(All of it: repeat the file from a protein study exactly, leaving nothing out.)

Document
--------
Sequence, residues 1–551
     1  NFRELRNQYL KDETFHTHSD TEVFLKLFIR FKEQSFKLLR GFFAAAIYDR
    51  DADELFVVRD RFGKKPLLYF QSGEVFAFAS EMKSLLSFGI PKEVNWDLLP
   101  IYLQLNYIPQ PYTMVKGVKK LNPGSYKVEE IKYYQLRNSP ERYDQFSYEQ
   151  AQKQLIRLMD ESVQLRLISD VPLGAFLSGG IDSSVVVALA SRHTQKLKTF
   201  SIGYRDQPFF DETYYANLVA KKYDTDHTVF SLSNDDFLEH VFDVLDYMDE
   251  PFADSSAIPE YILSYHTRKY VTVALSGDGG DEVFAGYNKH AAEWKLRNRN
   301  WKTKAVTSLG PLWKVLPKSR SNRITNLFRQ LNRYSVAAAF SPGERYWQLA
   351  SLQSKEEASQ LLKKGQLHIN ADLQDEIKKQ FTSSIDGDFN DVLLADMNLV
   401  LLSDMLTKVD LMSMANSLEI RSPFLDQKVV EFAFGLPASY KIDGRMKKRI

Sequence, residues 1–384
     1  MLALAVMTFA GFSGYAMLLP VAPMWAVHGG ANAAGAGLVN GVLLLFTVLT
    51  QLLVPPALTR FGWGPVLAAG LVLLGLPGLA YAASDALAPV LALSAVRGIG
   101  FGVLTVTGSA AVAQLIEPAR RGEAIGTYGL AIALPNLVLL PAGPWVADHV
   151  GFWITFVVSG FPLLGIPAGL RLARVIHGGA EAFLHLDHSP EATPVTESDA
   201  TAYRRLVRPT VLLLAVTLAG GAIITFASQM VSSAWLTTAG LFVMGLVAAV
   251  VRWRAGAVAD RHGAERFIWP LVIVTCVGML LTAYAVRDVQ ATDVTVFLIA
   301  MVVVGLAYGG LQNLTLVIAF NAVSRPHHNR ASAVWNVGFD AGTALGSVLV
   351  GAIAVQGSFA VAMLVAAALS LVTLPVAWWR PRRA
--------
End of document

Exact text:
Sequence, residues 1–551
     1  NFRELRNQYL KDETFHTHSD TEVFLKLFIR FKEQSFKLLR GFFAAAIYDR
    51  DADELFVVRD RFGKKPLLYF QSGEVFAFAS EMKSLLSFGI PKEVNWDLLP
   101  IYLQLNYIPQ PYTMVKGVKK LNPGSYKVEE IKYYQLRNSP ERYDQFSYEQ
   151  AQKQLIRLMD ESVQLRLISD VPLGAFLSGG IDSSVVVALA SRHTQKLKTF
   201  SIGYRDQPFF DETYYANLVA KKYDTDHTVF SLSNDDFLEH VFDVLDYMDE
   251  PFADSSAIPE YILSYHTRKY VTVALSGDGG DEVFAGYNKH AAEWKLRNRN
   301  WKTKAVTSLG PLWKVLPKSR SNRITNLFRQ LNRYSVAAAF SPGERYWQLA
   351  SLQSKEEASQ LLKKGQLHIN ADLQDEIKKQ FTSSIDGDFN DVLLADMNLV
   401  LLSDMLTKVD LMSMANSLEI RSPFLDQKVV EFAFGLPASY KIDGRMKKRI

Sequence, residues 1–384
     1  MLALAVMTFA GFSGYAMLLP VAPMWAVHGG ANAAGAGLVN GVLLLFTVLT
    51  QLLVPPALTR FGWGPVLAAG LVLLGLPGLA YAASDALAPV LALSAVRGIG
   101  FGVLTVTGSA AVAQLIEPAR RGEAIGTYGL AIALPNLVLL PAGPWVADHV
   151  GFWITFVVSG FPLLGIPAGL RLARVIHGGA EAFLHLDHSP EATPVTESDA
   201  TAYRRLVRPT VLLLAVTLAG GAIITFASQM VSSAWLTTAG LFVMGLVAAV
   251  VRWRAGAVAD RHGAERFIWP LVIVTCVGML LTAYAVRDVQ ATDVTVFLIA
   301  MVVVGLAYGG LQNLTLVIAF NAVSRPHHNR ASAVWNVGFD AGTALGSVLV
   351  GAIAVQGSFA VAMLVAAALS LVTLPVAWWR PRRA